Sarah Malik, the new Youth President of the Methodist Church in Britain, talks about her role, her hopes for change in church and society, the need to empower young people, and her personal sense of vocation.
As religion has become progressively self-absorbed and spirituality increasingly other worldly, both have failed a generation searching for a vision of a better way, says Gethin Abraham-Williams. It's time for a change.
For half a century, says Savi Hensman, theologians have vigorously debated lesbian and gay love and the response of society and the Church. Yet theological reflection on these issues, for instance in literature, dates back further.
The 16th-century Reformation figure Jean Calvin is often portrayed as a stern Protestant but an exhibition in Geneva of selected passages from his writings shows a dimension of the reformer that many people do not know.
World cinema's most famous spy is back and this time he fights a villain trying to control strategic water resources in a developing country, says Annegret Kapp. But is the script of the latest James Bond movie too far fetched a fictional plot?
In a thoughtful, passionate and challenging reflection on homosexuality
and the Christian church, Glynn Cardy's focus is not on an 'issue' but
on the people who are most affected by prejudice, and their need for
justice, dignity and human rights.
Using a new-to-DVD documentary on Lonnie Frisbee as a starting point,
Brian Collins reflects on the way Jesus became an inspiration, brand and cultural transfer for an alternative culture that became mainstream.
An installation of sculptures responding to the horrors of war, particularly the ongoing war in Iraq, is on display at Union Theological Seminary in New York City until 16 May 2008. It is the work of priest and artist Thomas Faulkner.
Millions of dollars have been spent promoting Ben Stein’s creationist propaganda movie ‘Expelled: No Intelligence Allowed’ to conservative church groups, but that money would have been better spent on fact checkers, say its critics.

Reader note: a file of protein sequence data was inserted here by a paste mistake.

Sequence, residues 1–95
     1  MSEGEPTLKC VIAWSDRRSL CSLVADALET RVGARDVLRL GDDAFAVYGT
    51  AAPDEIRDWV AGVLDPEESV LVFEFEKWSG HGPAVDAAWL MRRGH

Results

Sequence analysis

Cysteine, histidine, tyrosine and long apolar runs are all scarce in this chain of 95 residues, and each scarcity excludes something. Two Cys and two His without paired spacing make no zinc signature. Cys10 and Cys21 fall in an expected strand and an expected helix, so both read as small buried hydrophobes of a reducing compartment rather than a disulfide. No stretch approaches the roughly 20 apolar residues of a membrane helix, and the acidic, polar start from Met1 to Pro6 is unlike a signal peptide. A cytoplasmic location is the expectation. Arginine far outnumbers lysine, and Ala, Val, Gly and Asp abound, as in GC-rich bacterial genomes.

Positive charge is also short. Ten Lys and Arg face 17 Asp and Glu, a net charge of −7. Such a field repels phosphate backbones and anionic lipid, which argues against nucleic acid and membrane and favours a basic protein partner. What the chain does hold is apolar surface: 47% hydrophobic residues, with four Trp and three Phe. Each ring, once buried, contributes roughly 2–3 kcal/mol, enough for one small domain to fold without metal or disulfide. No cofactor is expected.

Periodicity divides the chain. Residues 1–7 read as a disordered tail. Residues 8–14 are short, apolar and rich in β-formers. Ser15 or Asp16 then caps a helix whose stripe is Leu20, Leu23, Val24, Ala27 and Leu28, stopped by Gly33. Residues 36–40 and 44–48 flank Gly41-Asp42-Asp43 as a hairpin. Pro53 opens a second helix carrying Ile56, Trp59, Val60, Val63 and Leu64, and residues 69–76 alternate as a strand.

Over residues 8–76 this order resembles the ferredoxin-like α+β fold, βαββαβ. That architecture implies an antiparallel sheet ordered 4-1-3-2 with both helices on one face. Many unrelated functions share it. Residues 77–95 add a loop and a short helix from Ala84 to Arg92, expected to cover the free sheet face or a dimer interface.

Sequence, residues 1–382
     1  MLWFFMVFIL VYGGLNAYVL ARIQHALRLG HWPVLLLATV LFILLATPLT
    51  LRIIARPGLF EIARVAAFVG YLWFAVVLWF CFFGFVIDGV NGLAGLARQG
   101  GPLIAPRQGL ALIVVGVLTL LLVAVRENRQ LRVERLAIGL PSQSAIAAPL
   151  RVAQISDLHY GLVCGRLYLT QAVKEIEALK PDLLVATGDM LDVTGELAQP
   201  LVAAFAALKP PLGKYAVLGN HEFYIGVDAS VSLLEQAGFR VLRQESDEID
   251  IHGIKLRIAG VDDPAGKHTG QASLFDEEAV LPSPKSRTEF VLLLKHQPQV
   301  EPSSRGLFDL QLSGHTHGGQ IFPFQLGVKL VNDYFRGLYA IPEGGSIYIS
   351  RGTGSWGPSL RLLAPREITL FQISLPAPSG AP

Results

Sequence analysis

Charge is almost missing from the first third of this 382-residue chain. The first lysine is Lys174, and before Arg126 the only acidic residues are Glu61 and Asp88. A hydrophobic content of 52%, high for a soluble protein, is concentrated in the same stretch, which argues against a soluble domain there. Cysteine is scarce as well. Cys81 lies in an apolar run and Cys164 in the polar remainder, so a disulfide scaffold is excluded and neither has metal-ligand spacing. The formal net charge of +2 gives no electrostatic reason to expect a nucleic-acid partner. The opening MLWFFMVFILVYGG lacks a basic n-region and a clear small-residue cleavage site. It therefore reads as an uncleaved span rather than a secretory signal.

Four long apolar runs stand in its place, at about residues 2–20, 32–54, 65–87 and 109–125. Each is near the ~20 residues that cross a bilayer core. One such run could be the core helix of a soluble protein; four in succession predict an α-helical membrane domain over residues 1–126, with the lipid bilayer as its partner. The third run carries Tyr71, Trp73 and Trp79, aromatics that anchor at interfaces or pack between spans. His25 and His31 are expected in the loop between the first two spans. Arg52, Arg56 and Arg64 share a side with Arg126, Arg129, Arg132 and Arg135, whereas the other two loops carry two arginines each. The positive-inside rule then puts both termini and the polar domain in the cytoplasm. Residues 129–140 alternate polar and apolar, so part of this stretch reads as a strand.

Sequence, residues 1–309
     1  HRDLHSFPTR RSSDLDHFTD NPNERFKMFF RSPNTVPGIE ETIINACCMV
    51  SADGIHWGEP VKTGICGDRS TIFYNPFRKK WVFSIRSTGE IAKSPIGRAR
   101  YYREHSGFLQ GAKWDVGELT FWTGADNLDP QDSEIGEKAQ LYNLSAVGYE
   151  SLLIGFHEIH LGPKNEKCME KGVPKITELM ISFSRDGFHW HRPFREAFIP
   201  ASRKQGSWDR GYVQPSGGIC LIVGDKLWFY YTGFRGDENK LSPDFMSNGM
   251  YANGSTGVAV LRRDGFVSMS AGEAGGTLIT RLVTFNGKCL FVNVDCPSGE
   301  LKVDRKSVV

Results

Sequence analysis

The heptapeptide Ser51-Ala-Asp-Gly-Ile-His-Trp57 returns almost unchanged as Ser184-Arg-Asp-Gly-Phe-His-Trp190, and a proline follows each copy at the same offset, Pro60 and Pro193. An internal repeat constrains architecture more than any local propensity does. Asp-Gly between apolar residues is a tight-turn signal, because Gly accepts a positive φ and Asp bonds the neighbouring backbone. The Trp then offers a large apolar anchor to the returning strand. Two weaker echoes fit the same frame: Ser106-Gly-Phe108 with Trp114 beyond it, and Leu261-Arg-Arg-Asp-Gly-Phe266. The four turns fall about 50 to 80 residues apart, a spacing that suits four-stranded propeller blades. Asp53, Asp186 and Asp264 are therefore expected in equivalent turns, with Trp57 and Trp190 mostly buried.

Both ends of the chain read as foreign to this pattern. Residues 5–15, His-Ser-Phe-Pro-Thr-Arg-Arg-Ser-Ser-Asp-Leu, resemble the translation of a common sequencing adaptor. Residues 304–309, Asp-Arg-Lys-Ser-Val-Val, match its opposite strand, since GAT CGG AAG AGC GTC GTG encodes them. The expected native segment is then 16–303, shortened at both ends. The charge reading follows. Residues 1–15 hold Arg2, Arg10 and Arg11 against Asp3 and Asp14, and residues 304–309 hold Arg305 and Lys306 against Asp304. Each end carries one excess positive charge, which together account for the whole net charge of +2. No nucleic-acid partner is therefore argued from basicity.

The bludgeoning conclusion of Paul Thomas Anderson's much-lauded, Oscar-nominated film "There Will Be Blood," which has recently been released on DVD, features a preacher forced to renounce his faith in God and admit charlatanry. Spencer Dew investigates.
A new painting of St George by Scott Norwood Witts, which depicts the saint as a man of compassion rather than a crusader, is to be unveiled at the Catholic Cathedral of St George, Southwark, to mark the saint’s day next week.
The United States and the United Kingdom are being forced this month (March 2008) to reflect on the recent heritage of their military interventions. Who or what are we trusting in when we choose the way of the sword over the way of the Cross, asks Simon Barrow. Where does salvation lie?
There is a strong link between positive psychological adjustment to a death and one’s ability to deal with of the loss through one’s faith and religious practices, says Andrew J Weaver, a United Methodist minister and professional research psychologist.
Forget Maria. How do you solve a problem like Jesus? After all, everyone has a view: well-meaning Jewish guru, dangerous heretic, son of God, charlatan. The list is endless. Mel Gibson gave us the fundamentalist's Jesus of gruesome realism: a tortured body offset by expensive LA orthodontistry (bad teeth would have been a realism too far). This year's Easter offering from the BBC - boldly scheduled for primetime on BBC1 - reaches for the other extreme and presents the inoffensive Liberal Democrat Jesus: Nick Clegg with a beard.